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The full, formal, men’s wafuku outfit can be seen below. The full length kimono is worn tucked inside the hakama. Over the top, he wears a haori kimono jacket. Haori are fastened with a haori himo, which is hooked onto the inner edges of the haori. Men’s himo should not be untied, as they are very complex to re-tie, one simply unhooks the himo at one side to open the jacket. A himo is not essential for more casual wear of a haori kimono jacket. Himo are bought separately and moved from one haori to another. The white one in the picture is a very formal himo; for more casual wear, one would wear a smaller, simpler one, usually of a more muted colour.

One of the main differences between men’s and women’s kimonos is the sleeves. The sleeves of women’s are unattached from the body for over half their depth and are open at the inner edge, not sewn closed, whereas men’s kimono sleeves are attached either all the way down or with just an inch or so unattached at the body edge. Women’s sleeves have to be free from the body for a greater depth because they wear such a deep obi and the sleeve must not get in the way of it, so the sleeve hangs free of the body for much of its depth. Men’s obis are relatively narrow, so the deep sleeves can be attached much further down the body.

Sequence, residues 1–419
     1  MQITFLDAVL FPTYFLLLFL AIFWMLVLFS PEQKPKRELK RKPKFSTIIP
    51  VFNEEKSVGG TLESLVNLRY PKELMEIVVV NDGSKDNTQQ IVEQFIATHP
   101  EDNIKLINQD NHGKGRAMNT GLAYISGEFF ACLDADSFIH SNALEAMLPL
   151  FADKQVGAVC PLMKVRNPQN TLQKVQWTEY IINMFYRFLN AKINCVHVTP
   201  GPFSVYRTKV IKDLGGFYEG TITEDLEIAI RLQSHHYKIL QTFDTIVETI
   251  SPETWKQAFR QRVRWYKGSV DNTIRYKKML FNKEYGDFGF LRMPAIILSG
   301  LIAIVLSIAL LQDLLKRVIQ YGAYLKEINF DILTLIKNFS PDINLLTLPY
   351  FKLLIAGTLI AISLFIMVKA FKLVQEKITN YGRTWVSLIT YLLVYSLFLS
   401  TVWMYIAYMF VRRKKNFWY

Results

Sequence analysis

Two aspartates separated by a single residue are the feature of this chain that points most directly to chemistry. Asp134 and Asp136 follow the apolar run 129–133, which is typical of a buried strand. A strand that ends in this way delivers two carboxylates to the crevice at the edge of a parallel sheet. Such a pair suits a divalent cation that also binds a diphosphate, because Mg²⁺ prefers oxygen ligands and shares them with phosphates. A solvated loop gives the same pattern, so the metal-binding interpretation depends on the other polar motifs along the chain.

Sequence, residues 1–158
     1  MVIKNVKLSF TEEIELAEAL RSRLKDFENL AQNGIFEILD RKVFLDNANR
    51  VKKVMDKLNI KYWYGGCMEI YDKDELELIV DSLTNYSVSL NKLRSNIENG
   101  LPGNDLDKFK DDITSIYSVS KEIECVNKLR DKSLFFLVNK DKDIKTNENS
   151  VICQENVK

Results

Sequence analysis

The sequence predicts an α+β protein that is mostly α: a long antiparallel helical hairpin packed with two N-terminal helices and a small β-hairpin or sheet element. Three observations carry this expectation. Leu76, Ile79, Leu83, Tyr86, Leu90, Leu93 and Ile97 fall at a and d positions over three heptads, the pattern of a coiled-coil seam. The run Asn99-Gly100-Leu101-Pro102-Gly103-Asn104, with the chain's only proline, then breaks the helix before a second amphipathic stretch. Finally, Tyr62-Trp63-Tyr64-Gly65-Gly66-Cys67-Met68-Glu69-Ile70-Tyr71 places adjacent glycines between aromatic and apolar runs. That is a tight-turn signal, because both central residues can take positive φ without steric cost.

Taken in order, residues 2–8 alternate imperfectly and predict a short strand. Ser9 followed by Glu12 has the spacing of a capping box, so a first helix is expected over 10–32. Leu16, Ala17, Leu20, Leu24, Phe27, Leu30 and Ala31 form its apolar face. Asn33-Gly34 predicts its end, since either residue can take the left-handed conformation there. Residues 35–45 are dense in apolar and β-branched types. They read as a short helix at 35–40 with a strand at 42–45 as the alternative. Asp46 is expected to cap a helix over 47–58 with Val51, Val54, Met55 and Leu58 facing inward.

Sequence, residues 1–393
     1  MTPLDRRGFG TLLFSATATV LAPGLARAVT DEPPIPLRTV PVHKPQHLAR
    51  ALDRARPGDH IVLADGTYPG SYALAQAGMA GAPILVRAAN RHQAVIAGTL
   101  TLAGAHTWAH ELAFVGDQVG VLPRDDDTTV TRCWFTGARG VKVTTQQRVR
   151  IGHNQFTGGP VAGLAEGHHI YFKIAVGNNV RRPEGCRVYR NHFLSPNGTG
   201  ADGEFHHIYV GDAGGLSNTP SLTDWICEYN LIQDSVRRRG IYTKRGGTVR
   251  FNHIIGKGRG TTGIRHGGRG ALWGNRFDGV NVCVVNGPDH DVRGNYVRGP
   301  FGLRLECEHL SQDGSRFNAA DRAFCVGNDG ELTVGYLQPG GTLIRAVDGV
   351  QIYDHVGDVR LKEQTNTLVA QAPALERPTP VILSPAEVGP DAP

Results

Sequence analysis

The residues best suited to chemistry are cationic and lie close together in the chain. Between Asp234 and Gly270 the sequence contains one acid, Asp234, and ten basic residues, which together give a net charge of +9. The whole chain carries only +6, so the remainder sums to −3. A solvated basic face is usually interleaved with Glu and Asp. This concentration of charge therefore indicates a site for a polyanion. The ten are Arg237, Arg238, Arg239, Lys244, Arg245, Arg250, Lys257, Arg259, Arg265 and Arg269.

Another notable difference between men’s and women’s kimonos is the length; women’s kimonos are extra long, as they are worn with a large, length adjusting fold-over at the waist, held in place with a koshi himo tie, whereas men’s kimonos are worn without the length adjusting fold at the waist.

Setta sandals have thong toes and are worn with tabi socks.

Men’s kimonos are not always worn with hakama and haori, the picture above shows the full outfit for formal occasions. The kimono, worn underneath the hakama and haori, is held closed with a kaku obi, which is also used to help keep the hakama up.

Mens’ kimonos are usually very subdued in pattern and colour, although their under kimonos (jubans) and haori linings are often striking but the outerwear kimonos are usually muted in colour and design. The reason men no longer wear very brightly coloured and very decoratively patterned outer kimonos is that, way back, rich merchants started wearing extremely ornate, expensive kimonos, often more expensive and fancy than nobles or those of the samurai class could afford, so a law was passed stating that only nobles and samurai class could wear fancy outer kimonos, all other men had to wear only muted ones (unless worn for theatrical purposes such as dance performance or weddings etc). They took to putting wonderful textile art on their juban underwear kimonos and on haori kimono jacket linings, which became known as hidden beauty, since it didn’t show on the outside, and the merchant classes and commoners started to feel superior about that, it seemed more classy than the ostentatious garments of garish, vivid colours and numerous fancy brocades that the nobles and samurai class continued to wear.

Here’s a link to How to put on a man’s haori and attach and tie a man’s haori himo. Women’s himo are tied differently, you can see how to tie a woman’s haori himo here